In Wiesel’s book he talks about how a little bit of hope was offered to them, in spite of the horrible conditions:

“Comrades, you are now in the concentration camp Auschwitz. Ahead of you lies a long road paved with suffering. Don’t lose hope. You have already eluded the worst danger” the selection. Therefore, muster your strength and keep your faith. We shall all see the day of liberation. Have faith in life, a thousand times faith. By driving out despair, you will move away from death. Hell does not last forever… And now, here is a prayer, or rather a piece of advice: let there be camaraderie among you. We are all brothers and share the same face. The same smoke hovers over all our heads. Help each other. That is the only way to survive. And now, enough said, you are tired. Listen: you are in Block 17; I am responsible for keeping order here. Anyone with a complaint may come see me. That is all. Go to sleep. Two people to a bunk. Good night.”

Those were the first human words. (Wiesel, 41).

Those were the first human words. That sentence stuck out to me. What was going through his mind?

There were many times when Wiesel, his father, and the many other prisoners did not know when they would get food next:

I was hungry and thirsty. I must have been very dirty and disheveled, to judge by what the others looked like. The bread we had brought from Buna had been devoured long since. And who knew when we would be given another ration? (Wiesel, 95).

When I think of mass killing and mass destruction today, my mind turns to Darfur and the horrific killings that are going on there. Killing does not always mean bullets. I found a very interesting article about the Sudanese government and how they are keeping food and care away from the people of Darfur, just to have a bargaining chip with the international community.

Dave Young writes about this in his article titled …even at close range, bullets can miss…

Omer Ismail, a Sudanese national and co-founder of the Sudan Democratic Forum and the Darfur Peace and Development Organization, spoke those words during a press conference today in the Capitol building. The event, organized by the Save Darfur Coalition, brought together US Representatives, religious and community leaders, and activists—all coming together to denounce the atrocities in Darfur and to renew the call for action. The press conference was organized in response to the recent decision by the Sudanese government to expel NGOs responsible for supplying life-sustaining necessities to millions of civilians in Darfur. As Mr. Ismail suggests, bullets are not the only means employed by the Sudanese government for killing people; the Bashir regime has learned from past experience that starvation and disease can be highly effective killers.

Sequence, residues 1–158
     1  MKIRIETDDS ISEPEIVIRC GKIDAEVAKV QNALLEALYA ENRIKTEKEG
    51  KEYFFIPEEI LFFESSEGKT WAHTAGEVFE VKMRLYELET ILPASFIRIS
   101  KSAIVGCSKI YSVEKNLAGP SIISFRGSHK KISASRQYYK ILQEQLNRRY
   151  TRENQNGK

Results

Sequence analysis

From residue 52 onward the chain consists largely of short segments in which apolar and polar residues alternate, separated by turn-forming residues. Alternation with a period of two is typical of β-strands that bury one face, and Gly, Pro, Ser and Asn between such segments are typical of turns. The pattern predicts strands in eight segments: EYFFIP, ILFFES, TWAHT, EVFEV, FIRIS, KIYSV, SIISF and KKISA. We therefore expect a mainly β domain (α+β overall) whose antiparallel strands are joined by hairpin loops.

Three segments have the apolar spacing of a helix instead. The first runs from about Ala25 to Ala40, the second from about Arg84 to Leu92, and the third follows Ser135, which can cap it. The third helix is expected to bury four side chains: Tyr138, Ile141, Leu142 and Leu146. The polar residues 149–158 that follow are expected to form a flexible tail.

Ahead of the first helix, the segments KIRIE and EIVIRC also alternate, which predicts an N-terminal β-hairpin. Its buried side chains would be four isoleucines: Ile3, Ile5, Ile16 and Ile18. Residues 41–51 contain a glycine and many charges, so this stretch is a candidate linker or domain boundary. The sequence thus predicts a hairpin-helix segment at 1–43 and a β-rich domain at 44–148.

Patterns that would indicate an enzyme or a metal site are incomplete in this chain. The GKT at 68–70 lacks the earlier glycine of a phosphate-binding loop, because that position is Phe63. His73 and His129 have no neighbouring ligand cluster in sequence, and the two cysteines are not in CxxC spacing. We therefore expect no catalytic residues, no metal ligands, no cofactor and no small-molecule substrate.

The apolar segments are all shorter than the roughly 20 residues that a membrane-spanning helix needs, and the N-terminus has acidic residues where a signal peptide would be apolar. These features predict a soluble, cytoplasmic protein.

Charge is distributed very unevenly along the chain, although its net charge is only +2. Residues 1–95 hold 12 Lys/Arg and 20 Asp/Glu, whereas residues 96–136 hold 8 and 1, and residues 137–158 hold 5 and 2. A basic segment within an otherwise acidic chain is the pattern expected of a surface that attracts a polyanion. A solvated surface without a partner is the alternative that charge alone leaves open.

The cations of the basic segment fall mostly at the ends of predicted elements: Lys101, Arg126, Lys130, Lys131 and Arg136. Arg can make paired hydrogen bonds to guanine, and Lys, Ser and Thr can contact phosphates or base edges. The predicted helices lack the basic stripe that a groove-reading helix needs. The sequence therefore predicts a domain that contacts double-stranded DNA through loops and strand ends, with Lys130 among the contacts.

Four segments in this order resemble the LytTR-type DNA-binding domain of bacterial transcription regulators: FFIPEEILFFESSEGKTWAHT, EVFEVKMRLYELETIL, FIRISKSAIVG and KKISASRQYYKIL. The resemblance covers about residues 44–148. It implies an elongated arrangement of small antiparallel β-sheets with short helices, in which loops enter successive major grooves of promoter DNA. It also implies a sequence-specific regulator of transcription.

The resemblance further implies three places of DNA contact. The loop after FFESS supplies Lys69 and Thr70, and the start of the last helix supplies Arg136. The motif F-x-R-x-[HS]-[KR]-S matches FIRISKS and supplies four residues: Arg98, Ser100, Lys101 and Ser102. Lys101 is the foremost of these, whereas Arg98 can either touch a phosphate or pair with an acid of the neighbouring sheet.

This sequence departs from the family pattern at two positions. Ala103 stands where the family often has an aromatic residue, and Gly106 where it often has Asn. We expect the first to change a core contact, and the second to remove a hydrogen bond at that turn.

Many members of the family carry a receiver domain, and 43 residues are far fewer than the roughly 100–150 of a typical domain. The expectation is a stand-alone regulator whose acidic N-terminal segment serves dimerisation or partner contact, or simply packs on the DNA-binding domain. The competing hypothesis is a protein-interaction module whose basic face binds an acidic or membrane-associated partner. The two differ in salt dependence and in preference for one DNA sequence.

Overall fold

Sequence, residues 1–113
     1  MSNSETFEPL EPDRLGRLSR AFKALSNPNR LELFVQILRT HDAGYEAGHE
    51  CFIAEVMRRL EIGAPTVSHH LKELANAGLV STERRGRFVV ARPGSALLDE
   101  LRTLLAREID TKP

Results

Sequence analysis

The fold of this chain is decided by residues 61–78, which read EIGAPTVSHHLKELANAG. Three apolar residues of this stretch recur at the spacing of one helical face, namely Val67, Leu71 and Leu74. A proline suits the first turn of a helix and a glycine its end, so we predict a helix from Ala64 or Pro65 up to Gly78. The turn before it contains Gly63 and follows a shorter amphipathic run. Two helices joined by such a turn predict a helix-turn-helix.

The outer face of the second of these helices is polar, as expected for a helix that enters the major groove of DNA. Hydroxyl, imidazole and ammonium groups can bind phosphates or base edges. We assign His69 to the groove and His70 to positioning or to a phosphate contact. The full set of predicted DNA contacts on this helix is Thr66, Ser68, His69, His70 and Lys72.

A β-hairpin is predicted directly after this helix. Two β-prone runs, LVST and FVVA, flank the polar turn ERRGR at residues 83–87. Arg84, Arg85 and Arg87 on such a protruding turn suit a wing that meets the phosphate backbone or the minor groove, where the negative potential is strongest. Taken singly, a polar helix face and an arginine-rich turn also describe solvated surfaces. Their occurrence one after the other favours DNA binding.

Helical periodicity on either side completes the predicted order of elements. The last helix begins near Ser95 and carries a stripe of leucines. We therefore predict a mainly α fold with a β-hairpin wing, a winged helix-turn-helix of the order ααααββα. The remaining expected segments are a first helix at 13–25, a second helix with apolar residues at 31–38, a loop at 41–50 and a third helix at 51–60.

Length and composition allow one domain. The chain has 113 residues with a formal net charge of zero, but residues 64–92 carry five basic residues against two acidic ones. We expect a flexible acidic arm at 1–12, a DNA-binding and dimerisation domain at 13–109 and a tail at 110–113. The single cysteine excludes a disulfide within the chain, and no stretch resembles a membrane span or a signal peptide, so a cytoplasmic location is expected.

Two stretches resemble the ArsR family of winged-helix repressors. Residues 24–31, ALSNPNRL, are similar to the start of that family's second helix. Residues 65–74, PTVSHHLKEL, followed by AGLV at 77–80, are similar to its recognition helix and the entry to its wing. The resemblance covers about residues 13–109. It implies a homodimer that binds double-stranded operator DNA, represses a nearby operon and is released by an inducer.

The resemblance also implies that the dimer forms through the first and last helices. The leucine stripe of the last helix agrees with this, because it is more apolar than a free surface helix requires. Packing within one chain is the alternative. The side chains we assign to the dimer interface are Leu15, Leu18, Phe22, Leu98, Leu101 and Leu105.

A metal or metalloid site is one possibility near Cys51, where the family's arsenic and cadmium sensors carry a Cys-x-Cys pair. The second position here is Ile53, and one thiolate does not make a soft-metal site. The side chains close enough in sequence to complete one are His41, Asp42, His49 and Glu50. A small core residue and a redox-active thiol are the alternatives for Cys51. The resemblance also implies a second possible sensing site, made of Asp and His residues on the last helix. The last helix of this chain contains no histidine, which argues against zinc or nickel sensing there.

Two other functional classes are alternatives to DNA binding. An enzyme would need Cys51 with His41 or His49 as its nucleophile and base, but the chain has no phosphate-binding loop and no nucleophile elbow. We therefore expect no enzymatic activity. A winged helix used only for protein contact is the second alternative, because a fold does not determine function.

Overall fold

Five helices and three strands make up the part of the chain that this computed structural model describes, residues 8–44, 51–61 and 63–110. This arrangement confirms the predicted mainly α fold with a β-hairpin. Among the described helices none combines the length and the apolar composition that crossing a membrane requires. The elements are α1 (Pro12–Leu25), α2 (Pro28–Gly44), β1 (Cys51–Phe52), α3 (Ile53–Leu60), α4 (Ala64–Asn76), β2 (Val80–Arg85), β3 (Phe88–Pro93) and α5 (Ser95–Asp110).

The decision to cut the lifeline for millions of civilians in Darfur is essentially a no-loss gamble for Bashir at this time; he is now holding millions of lives hostage—lives which mean nothing to him aside from their usefulness as a bargaining chip with the international community. It will have no effect on the conscience of Mr. Bashir if every man, woman, and child in Darfur suffers and dies from starvation and disease due to the loss of international assistance. The lives—and deaths—of these people only matter to Bashir insofar as he can use them as leverage against the international community. Unfortunately, this is a tactic that has been successful for Bashir in the past—he believes that eventually, if he causes enough suffering, if the atrocities are heinous enough then the resolve of the international leaders will crack.

Bashir has seen the resolve crack before; he has used every means at his disposal to debase, devalue, and destroy the people of Darfur. Employing militiamen as death squads, using rape as a weapon, disrupting food and water supplies, preventing access to medical care—even going so far as to paint military aircraft in UN colors to bomb civilians who thought they were receiving aid—and yet he enjoys impunity. All of the rhetoric directed against him has been empty—and he knows it.